Many Pregnant Women Get Too Much Folic Acid, New Study Finds
One piece of nutritional advice unfailingly drummed into the heads of women who are pregnant or trying to become pregnant is: Take plenty of folic acid.
In a new study of more than 1,000 pregnant women, however, it was found that one third were getting more folic acid than they needed, as well as too much sodium and iron — and might be neglecting other important nutrients at the same time.
Iron is important to avoid anemia, which can cause complications in pregnancy. (Anemia is one of at least 13 dangerous health problems your hands and feet can reveal.)
Folic acid is a synthetic form of folate, the vitamin also called B9. Its benefits to the body include the prevention of neural tube defects in infants and of cancer and reduced levels of homocysteine — an inflammatory agent linked to cardiovascular disease.
Folate occurs naturally in liver and in such vegetables as edamame, lentils, beans, okra, spinach, and asparagus, one of several superfood that won’t break the bank.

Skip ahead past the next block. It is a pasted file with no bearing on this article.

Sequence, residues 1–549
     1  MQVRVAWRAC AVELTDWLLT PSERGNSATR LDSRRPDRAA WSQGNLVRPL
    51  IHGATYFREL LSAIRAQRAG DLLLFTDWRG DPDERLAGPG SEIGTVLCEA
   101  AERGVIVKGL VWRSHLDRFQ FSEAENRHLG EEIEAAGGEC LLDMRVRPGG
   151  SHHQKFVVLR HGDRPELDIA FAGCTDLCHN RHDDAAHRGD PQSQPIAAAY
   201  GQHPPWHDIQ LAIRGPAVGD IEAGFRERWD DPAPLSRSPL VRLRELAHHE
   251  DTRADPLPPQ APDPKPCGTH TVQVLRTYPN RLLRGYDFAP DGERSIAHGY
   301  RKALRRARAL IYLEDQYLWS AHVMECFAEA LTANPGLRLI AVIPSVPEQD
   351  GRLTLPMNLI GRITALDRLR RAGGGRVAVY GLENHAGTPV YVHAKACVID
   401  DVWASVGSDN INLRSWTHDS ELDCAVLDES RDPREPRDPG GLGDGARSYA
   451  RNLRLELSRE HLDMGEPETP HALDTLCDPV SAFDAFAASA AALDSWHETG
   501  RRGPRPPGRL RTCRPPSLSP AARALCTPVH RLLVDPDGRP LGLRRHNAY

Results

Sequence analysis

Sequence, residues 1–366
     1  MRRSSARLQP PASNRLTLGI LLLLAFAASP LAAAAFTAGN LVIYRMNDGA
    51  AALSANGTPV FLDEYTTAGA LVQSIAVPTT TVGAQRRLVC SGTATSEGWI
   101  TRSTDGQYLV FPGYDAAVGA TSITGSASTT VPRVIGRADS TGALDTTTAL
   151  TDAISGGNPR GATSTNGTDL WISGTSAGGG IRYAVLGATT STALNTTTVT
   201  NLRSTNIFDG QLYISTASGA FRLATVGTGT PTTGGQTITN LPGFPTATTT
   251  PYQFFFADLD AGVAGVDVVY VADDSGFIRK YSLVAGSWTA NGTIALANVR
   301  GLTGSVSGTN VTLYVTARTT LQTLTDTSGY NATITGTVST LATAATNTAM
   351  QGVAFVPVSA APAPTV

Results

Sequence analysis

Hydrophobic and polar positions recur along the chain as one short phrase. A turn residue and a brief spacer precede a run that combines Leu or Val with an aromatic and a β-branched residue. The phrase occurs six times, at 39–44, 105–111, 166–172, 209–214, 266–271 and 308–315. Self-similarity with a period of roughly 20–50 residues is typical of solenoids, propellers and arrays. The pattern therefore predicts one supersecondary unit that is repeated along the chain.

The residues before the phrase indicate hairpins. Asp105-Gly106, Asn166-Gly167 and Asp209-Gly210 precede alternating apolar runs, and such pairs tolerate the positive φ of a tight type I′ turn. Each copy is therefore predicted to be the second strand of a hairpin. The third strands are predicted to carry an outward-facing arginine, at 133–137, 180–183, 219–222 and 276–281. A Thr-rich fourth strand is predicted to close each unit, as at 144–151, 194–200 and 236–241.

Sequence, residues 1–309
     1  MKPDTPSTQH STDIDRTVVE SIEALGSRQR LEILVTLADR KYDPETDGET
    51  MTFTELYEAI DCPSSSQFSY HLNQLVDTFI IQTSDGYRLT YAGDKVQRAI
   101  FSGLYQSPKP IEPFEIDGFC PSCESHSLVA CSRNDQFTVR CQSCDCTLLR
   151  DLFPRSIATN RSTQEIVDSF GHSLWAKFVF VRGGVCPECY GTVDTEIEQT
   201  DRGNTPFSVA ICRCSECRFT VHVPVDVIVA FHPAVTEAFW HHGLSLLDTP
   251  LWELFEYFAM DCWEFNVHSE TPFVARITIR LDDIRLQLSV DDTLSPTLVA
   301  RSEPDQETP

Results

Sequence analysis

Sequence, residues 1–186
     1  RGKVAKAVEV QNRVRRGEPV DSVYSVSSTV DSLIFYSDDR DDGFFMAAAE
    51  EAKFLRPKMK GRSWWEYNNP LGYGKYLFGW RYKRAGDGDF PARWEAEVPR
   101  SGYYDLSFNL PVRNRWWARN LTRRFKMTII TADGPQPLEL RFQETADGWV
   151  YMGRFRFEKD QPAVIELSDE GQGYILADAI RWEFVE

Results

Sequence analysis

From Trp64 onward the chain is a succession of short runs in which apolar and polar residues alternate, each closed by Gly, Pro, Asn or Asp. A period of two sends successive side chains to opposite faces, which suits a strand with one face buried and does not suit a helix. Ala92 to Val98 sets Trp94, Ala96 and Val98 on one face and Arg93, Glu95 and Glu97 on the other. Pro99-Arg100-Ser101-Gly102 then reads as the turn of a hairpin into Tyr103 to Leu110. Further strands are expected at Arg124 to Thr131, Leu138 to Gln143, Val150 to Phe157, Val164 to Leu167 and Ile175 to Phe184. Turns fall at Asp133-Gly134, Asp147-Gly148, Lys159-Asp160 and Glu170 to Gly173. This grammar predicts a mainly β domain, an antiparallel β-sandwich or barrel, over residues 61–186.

Because research indicates that most people don’t eat enough folate-rich foods to satisfy their daily needs, many countries — including the U.S. — now mandate the addition of folic acid to all refined grain products, including breads, breakfast cereals, energy drinks, protein bars, and white rice. About 75% of pregnant women in America get additional folic acid as well as other nutrients from prenatal supplements.
The American College of Obstetricians and Gynecologists recommends that women take 400 micrograms of folic acid at least a month before trying to conceive and 600 to 800 micrograms once pregnant. According to the new study, “Almost all pregnant women in this study were at risk of excessive consumption of sodium, and many were at risk of excessive consumption of folic acid and iron.”
At the same time, what the study calls “a significant number of pregnant women” weren’t meeting their recommended daily intake of vitamins D, C, A, B6, K, and E, as well as various minerals.
“Improved dietary guidance to help pregnant women meet dietary recommendations for essential nutrients appears to be warranted,” the study concludes.
Many expectant mothers take herbal supplements that claim to treat a number of maladies from memory problems to fatigue to motion sickness to hearing loss. But some of their ingredients, the FDA has warned can be dangerous for pregnant women.